As the healthcare industry continues to cope with the Coronavirus (COVID-19) and form strategic and short- and long-term plans, providers are faced with numerous decisions that have critical antitrust implications. Whether seeking to collaborate with competitors for pandemic response or exploring potential transactional opportunities, there are both traditional antitrust guidelines and COVID-specific developments applicable to these business decisions. We discussed these important issues on our May 20 webinar. Below are top takeaways from the program. For a deeper dive into these issues, listen to our webinar recording. 

Competitor collaborations

  • Antitrust compliance remains an important priority in the US. While companies have been engaged in finding creative solutions to COVID-19 challenges and regulators are expressing a willingness to be more flexible in interpreting and enforcing the law, the pandemic is not a carte blanche to engage in anti-competitive activity.
  • Regulators are more prone to accept collaborations limited in scope to respond to COVID-19 and its aftermath, and arrangements undertaken at the behest of or in partnership with government actors. Companies should avoid high-risk conduct such as direct exchanges of competitively sensitive information.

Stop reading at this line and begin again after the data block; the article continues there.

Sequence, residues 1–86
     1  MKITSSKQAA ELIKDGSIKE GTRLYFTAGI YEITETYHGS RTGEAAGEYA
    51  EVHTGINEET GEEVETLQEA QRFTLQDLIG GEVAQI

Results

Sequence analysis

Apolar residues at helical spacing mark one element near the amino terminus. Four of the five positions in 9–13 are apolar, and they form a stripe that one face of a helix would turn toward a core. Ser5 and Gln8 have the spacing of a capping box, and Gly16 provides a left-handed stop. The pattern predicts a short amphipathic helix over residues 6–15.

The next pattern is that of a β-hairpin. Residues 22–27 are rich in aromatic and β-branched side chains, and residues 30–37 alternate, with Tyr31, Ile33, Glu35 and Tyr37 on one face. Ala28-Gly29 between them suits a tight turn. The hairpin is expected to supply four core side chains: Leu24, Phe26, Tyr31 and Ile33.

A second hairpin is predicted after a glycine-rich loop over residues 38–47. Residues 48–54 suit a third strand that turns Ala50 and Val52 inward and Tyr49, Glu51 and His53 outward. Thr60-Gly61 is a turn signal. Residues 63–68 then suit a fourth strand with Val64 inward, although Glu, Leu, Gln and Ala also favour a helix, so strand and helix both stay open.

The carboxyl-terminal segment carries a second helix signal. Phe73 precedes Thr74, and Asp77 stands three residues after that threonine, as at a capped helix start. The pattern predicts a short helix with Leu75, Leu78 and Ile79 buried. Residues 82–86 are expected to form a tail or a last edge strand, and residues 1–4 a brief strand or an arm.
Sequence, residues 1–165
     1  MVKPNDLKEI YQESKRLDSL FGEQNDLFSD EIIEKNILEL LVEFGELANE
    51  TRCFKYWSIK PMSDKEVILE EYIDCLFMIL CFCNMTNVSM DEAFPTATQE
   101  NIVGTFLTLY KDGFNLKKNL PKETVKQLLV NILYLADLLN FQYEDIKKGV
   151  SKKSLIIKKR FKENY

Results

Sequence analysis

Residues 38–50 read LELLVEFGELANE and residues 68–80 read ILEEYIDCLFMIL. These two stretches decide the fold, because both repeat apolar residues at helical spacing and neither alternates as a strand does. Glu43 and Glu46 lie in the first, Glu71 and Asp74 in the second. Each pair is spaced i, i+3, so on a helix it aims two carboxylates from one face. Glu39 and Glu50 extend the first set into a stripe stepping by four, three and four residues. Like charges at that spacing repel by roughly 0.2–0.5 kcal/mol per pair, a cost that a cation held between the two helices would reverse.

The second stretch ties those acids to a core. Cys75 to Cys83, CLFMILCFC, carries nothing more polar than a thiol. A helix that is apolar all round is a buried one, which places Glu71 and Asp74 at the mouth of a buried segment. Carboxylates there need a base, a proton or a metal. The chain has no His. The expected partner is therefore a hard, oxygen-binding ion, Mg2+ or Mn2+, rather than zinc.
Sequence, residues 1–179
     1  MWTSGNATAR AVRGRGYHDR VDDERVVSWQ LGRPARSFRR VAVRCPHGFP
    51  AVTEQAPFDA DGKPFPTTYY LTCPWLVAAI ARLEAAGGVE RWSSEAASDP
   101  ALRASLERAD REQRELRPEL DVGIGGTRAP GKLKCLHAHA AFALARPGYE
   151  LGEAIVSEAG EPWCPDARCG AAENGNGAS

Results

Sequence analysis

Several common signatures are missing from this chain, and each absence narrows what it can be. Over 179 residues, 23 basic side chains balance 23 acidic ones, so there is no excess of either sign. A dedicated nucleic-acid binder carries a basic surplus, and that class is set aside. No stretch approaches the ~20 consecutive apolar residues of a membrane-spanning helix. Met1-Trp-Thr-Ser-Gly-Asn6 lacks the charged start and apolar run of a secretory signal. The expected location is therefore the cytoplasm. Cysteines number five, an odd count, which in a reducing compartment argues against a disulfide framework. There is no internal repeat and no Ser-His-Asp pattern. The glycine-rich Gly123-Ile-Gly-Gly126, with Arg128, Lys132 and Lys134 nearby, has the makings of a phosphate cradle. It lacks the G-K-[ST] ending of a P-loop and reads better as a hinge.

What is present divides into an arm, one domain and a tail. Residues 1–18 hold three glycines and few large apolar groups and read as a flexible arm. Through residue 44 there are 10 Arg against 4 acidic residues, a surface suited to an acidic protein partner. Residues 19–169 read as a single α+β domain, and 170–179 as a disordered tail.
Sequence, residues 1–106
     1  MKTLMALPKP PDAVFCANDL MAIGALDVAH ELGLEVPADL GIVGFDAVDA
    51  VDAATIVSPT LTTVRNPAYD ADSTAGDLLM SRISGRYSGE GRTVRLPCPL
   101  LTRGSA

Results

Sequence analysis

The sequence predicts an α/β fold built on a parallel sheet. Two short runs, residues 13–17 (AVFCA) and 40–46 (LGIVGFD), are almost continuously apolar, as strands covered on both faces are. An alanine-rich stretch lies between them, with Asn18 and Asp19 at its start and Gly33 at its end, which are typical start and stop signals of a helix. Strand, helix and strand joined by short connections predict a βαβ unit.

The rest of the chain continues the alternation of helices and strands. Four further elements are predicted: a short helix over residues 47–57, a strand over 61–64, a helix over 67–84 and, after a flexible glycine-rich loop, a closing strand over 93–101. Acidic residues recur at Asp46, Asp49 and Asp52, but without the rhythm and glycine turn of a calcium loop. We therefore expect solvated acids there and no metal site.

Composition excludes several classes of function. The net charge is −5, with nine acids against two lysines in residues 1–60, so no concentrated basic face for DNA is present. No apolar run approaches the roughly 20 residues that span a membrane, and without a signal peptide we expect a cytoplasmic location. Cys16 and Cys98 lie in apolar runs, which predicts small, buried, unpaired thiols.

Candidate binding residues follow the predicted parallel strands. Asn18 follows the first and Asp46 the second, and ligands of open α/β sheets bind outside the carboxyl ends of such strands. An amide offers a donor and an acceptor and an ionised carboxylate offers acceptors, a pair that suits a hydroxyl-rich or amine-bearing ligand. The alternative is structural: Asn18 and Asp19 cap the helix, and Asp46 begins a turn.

• Procompetitive agreements not relating to price, wages or market/product allocations remain possible. Companies should conduct an antitrust analysis before entering new collaborations and consider whether it would be helpful or advisable to engage with federal antitrust authorities or state governments to receive feedback.

Avoiding antitrust violations in labor markets


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WHAT HAPPENED

On July 18, 2018, US Food and Drug Administration (FDA) Commissioner Scott Gottlieb delivered a speech at The Brookings Institution in Washington, DC, discussing how to bolster competition from biosimilars while maintaining innovation.

The Commissioner noted the absence of true competition among biologics from biosimilar products in the United States, similarly to what

The PPM industry is by no means immune to the ebbs and flows of a traditional marketplace. Since the consolidation bubble burst in the 1990s, PPMs have gone from practically extinct to a once-again substantial component of the health care delivery system. But with greater influence comes more pressure to respond, and adapting to today’s